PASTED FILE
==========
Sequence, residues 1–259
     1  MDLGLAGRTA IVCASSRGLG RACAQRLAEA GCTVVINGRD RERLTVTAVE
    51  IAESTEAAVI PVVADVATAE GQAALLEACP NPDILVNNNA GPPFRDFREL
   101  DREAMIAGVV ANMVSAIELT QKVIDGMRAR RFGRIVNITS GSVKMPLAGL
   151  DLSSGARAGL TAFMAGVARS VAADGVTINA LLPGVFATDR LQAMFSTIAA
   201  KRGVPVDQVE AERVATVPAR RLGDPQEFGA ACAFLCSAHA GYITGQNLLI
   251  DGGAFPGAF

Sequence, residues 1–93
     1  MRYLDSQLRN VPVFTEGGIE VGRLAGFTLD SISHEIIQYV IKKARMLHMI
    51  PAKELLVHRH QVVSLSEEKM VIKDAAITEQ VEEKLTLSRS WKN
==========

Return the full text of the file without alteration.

Sequence, residues 1–259
     1  MDLGLAGRTA IVCASSRGLG RACAQRLAEA GCTVVINGRD RERLTVTAVE
    51  IAESTEAAVI PVVADVATAE GQAALLEACP NPDILVNNNA GPPFRDFREL
   101  DREAMIAGVV ANMVSAIELT QKVIDGMRAR RFGRIVNITS GSVKMPLAGL
   151  DLSSGARAGL TAFMAGVARS VAADGVTINA LLPGVFATDR LQAMFSTIAA
   201  KRGVPVDQVE AERVATVPAR RLGDPQEFGA ACAFLCSAHA GYITGQNLLI
   251  DGGAFPGAF

Sequence, residues 1–93
     1  MRYLDSQLRN VPVFTEGGIE VGRLAGFTLD SISHEIIQYV IKKARMLHMI
    51  PAKELLVHRH QVVSLSEEKM VIKDAAITEQ VEEKLTLSRS WKN